National Independent Party (NIP) Presidential Candidate Saphier Hussain says his party will work to grant the University of Guyana (UG) administrative and financial autonomy if it is voted into the National Assembly in the May 11th elections.
Speaking to UG students in the George Walcott Lecture Thursday afternoon during a series of engagements between political parties and students, Hussain said such an endeavor will entail either amending the UG Act, which sets out how the institution is to be run, or removing the institution from under the Act altogether.
Unlike the interaction with the main opposition coalition’s presidential candidate, David Granger, the rounds with Saphier and the leaders of two small political parties was poorly attended.
Section 13 of the Act dictates that the Council of the University ought to consist of 26 members.
Section 13 (2) (f) requires that one of those members be a “representative from the Ministry of Education and Cultural Development and one (1) from the Ministry of Finance,” while Section 13 (2) (h) stipulates that one (1) be “nominated by the political party in office.”
Additionally, while Section 13 (2) (j) allows “four persons to be nominated by non-government organizations,” it demands that the Minister’s opinion be satisfied that such entities be “most representative of the interests of women, farmers, Amerindians and business.”
Further, Section 13 (2) (l) allows “three (3) persons to be appointed by the Minister who, in the Minister’s opinion, can contribute significantly to the University in the field of medicine and law. Finally, Section 13 (4) avails the Minister, at his/her pleasure, the power to remove any member s/he has appointed.
Suffice to say, the Act gives the Minister significant powers to appoint and/or remove members from the Council of the university.
Husain believes that UG’s development has suffered to some extent due to differences between government-approved Council members and those appointed by the university’s internal organs – its unions, academic bodies, and student society – who may not be inclined to support government positions.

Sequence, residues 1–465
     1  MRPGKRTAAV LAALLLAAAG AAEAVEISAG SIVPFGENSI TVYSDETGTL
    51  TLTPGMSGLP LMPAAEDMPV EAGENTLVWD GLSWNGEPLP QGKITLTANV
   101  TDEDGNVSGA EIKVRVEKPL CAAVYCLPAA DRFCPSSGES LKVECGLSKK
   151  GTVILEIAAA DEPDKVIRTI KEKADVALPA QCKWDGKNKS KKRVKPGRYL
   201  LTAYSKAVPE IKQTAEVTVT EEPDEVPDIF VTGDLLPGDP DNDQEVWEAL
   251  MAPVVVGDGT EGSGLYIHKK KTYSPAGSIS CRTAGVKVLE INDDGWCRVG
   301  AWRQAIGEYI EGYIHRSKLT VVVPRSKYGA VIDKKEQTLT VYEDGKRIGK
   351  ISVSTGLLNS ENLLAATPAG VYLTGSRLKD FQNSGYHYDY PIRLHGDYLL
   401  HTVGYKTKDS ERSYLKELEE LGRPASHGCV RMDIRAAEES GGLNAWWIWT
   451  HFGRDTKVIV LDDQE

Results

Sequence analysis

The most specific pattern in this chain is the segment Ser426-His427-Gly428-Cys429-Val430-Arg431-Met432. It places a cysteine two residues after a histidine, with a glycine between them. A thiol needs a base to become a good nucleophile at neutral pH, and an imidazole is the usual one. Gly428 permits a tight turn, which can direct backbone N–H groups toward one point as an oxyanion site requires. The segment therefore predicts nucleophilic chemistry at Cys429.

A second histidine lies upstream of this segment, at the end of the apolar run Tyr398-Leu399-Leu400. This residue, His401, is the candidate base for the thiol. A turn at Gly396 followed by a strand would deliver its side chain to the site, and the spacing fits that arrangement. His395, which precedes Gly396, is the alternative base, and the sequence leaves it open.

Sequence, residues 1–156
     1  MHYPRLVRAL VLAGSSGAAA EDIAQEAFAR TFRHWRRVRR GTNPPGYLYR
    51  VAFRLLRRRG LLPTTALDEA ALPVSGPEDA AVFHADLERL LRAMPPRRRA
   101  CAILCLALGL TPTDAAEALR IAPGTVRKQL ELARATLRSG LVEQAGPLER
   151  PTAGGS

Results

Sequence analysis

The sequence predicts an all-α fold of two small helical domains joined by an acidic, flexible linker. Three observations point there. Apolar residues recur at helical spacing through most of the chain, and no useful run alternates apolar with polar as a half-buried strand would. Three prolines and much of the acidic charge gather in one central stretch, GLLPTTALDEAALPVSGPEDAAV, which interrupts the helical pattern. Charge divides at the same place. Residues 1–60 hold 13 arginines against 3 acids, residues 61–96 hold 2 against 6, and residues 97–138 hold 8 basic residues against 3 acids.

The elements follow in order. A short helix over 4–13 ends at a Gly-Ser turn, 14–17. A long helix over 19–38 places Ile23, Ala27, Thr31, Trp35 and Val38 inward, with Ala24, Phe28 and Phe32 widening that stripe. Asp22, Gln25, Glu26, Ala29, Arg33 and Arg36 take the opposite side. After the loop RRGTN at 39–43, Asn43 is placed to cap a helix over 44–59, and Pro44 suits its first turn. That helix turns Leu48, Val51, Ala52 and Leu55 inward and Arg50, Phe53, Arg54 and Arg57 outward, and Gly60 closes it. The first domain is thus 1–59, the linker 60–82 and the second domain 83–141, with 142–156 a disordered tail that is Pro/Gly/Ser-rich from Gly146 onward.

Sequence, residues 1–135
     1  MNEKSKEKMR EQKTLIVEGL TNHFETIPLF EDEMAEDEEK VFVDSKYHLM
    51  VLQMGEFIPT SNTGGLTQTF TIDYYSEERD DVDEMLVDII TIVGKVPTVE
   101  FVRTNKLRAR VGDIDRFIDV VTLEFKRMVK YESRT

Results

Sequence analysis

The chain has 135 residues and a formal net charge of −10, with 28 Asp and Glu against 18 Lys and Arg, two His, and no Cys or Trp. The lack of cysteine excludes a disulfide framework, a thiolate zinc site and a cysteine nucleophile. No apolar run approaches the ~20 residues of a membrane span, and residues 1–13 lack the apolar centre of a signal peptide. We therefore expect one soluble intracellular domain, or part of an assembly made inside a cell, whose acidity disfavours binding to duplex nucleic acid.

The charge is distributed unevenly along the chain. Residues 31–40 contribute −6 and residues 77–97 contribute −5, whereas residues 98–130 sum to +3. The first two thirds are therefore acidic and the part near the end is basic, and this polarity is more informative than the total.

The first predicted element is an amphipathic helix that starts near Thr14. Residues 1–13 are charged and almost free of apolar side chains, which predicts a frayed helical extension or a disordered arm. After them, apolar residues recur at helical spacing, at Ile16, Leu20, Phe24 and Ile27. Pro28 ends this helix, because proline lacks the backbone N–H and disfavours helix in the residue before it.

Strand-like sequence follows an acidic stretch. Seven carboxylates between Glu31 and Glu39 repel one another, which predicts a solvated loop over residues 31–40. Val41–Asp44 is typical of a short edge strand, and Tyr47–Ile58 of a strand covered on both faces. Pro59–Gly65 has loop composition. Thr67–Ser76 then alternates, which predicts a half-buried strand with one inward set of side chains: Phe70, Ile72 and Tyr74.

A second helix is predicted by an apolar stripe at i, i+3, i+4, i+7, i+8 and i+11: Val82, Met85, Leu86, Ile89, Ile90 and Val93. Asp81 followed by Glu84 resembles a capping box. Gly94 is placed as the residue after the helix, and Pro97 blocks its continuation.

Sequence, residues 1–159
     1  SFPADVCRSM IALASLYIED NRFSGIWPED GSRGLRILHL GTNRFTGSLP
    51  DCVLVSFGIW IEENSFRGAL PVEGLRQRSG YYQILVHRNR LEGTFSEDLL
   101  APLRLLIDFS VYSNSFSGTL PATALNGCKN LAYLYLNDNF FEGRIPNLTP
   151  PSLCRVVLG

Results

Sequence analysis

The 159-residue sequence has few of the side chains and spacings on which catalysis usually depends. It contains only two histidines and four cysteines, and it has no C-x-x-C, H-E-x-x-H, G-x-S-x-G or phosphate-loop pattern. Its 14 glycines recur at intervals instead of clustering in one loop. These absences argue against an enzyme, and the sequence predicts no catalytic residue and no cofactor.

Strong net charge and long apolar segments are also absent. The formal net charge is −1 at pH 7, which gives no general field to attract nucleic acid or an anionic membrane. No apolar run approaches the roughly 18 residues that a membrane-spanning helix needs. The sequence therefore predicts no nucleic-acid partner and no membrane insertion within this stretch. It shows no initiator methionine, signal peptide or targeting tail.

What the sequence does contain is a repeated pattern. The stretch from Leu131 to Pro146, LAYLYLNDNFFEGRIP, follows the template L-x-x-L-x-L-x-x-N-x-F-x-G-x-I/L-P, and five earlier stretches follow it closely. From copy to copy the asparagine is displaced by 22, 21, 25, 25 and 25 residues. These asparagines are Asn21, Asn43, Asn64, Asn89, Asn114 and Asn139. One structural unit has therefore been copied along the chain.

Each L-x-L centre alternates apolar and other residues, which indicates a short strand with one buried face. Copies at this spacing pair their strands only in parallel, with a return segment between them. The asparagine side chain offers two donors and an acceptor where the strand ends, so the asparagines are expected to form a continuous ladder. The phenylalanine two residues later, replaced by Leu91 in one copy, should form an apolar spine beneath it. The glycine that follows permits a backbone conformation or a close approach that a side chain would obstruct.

He also believes that the university, like other autonomous bodies, must be financed through a direct charge on the Consolidated Fund, as opposed to remaining dependent on government for a yearly appropriation of funds. Husain told students that the university should be allowed to prepare its own budget to be sent to the National Assembly for approval, and argued that a coupling of financial and administrative autonomy will set the university on the right path to achieve the aims laid down in Section 4, among which is to “provide a place of education…of a standard required and expected of a university of the highest standard.”
Husain also expressed intentions to fight for the establishment of a Faculty of Theology at UG, as well as a cricket academy which would offer scholarships to promising young talent.
He also promised to work toward the establishment of a law school in Guyana as it would allow a more convenience to LLB graduates from UG who want to pursue a Legal Education Certificate (LEC) at home, as opposed having to go to Hugh Wooding Law School in Trinidad and Tobago.
The same was promised by A Partnership for National Unity (APNU) + Alliance for Change (AFC) presidential hopeful David Granger when he met with students on Wednesday. Ganger said such a school would be established in five (5) years if the coalition wins the Executive.
Also meeting with students were The United Force (TUF) representatives Melissa Nadir and Victor Alleyne, and Mark Benschop of the The Independent Party (TIP). All three parties admitted that they do not expect to win the Executive reins of government in these elections. Nadir, for one, says she “knows for a fact” that the Executive is unattainable in these elections, but believes this can be a reality in ten years.
Meanwhile, Husain pointed to instances where he has challenged, successfully so, government in court and promised that if he is given one seat in the National Assembly in these elections he can make “a fighting contribution to this country.”